Gary Andersen went to Utah State as a defensive expert. After a full season plus a second spring session under his belt, he's finally seeing that part of the Aggies' game catch up to what's been a faster-growing offense.
"Overall, I think it's gone back and forth from offense to defense," Andersen said. "Last year, it was completely one-sided where the offense dominated. Throughout the spring practices, there has been give-and-take on both the offense and defense. I think that shows progress."
Utah State, feeling very optimistic coming off a 4-8 campaign to open the Andersen era, capped spring practices April 24 with good signs from both sides of the ball.
Diondre Borel could become a lot less anonymous at quarterback, by Western Athletic Conference visibility standards and beyond. The running game may have some potential, even without the extended absence of Robert Turbin because of a knee injury.
And the size, depth and conditioning of the defense could mean the Aggies won't have to win games 52-49 like they did last season to beat Idaho to end the season.NOTES, QUOTES
--The Aggies' success goes directly through senior quarterback Diondre Borel. It really is hard to believe he was once a freshman wide receiver who was hardly used.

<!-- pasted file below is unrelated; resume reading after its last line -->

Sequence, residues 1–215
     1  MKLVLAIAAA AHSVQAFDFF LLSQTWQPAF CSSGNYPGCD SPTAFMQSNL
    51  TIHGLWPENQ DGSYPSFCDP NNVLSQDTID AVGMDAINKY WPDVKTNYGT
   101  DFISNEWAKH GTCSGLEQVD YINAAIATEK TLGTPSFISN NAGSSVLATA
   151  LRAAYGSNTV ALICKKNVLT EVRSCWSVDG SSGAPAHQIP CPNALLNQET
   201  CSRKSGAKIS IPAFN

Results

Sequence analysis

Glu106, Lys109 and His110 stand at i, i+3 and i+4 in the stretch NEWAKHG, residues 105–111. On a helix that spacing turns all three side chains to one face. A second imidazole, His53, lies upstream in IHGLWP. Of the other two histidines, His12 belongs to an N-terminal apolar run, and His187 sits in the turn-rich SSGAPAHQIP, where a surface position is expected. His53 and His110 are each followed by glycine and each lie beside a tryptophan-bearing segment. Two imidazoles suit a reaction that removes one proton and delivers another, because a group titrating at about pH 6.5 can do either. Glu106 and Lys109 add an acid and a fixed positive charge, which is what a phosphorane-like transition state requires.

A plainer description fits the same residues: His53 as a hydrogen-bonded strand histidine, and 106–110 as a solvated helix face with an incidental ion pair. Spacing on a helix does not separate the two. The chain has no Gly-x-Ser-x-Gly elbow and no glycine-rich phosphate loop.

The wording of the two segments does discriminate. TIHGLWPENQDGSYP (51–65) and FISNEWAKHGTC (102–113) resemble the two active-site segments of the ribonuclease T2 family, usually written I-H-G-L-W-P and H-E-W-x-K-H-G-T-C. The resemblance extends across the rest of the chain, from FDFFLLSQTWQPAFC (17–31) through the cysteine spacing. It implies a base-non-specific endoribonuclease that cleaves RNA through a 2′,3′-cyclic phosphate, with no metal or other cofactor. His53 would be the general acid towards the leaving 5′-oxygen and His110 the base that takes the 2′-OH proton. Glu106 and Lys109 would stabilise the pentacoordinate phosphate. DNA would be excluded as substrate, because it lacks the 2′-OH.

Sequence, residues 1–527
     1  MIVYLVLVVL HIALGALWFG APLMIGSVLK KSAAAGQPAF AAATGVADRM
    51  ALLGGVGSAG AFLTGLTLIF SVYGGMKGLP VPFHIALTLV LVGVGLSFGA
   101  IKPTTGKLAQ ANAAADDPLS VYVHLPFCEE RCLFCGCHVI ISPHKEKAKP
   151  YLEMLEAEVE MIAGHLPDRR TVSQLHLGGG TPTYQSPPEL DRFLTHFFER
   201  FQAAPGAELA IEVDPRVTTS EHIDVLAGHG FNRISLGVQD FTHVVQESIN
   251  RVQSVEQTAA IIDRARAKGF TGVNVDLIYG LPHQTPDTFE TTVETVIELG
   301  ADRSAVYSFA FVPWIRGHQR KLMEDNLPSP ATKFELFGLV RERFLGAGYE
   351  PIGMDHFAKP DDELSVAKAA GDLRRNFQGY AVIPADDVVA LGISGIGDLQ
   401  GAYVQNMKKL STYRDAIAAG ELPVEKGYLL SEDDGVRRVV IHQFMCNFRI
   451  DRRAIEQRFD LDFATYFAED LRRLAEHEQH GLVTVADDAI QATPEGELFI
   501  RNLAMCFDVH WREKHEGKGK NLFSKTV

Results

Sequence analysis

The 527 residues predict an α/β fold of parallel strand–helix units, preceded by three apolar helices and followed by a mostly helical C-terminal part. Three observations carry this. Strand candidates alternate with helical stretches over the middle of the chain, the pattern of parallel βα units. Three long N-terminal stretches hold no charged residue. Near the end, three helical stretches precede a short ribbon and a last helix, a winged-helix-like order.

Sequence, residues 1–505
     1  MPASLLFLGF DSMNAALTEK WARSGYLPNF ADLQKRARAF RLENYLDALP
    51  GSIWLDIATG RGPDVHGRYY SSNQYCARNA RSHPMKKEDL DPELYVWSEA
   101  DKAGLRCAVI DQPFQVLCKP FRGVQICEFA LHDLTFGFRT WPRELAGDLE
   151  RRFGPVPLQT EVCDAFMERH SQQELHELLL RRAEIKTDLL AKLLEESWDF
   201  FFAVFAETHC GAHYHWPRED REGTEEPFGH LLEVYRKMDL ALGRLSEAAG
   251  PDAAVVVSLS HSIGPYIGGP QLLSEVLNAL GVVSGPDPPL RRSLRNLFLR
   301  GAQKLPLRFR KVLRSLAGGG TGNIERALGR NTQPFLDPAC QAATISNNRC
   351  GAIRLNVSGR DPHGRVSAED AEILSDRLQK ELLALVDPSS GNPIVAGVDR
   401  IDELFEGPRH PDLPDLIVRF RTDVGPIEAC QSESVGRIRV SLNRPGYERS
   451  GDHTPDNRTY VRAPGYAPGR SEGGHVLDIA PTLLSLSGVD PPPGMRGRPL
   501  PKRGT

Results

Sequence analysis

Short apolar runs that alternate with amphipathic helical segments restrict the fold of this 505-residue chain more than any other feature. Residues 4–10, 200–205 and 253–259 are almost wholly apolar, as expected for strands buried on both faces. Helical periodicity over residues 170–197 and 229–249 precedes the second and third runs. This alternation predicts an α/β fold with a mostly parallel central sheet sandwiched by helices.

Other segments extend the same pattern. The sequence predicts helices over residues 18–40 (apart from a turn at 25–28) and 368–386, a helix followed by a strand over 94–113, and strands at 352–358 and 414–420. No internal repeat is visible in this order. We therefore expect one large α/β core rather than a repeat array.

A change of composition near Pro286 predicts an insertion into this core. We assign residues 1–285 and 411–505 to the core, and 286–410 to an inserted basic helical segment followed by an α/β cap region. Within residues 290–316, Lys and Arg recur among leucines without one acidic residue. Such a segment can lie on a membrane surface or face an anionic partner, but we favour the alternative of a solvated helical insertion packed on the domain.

"I think he's ready," Aggies coach Gary Andersen said. "I think he takes that superstar leap this season."
Andersen is no stranger to being around good quarterbacks. At Utah, as defensive coordinator, he saw Alex Smith develop into a No. 1 NFL draft pick and then witnessed Brian Johnson use five years to become the undisputed leader of a team that went to the Sugar Bowl and defeated Alabama at the end of the 2008 season.
"I'm ready," Borel said. "I've had a good winter in the weight room, I'm excited to get on the football field and I think that we're going to have a good spring and beyond."
--The running game is still a question mark without Robert Turbin, who continues to heal from a winter ACL (knee) injury that may keep him from participating next season. It'll at least be until the midway point.
"It's frustrating, obviously, because I just put in a lot of work after the season," Turbin said. "I put in a lot of work and to hurt yourself doing something you do every day is frustrating because you have to sit out and watch your team play because I want to be out there."
Turbin praised his backups-turned-potential-starters during spring ball.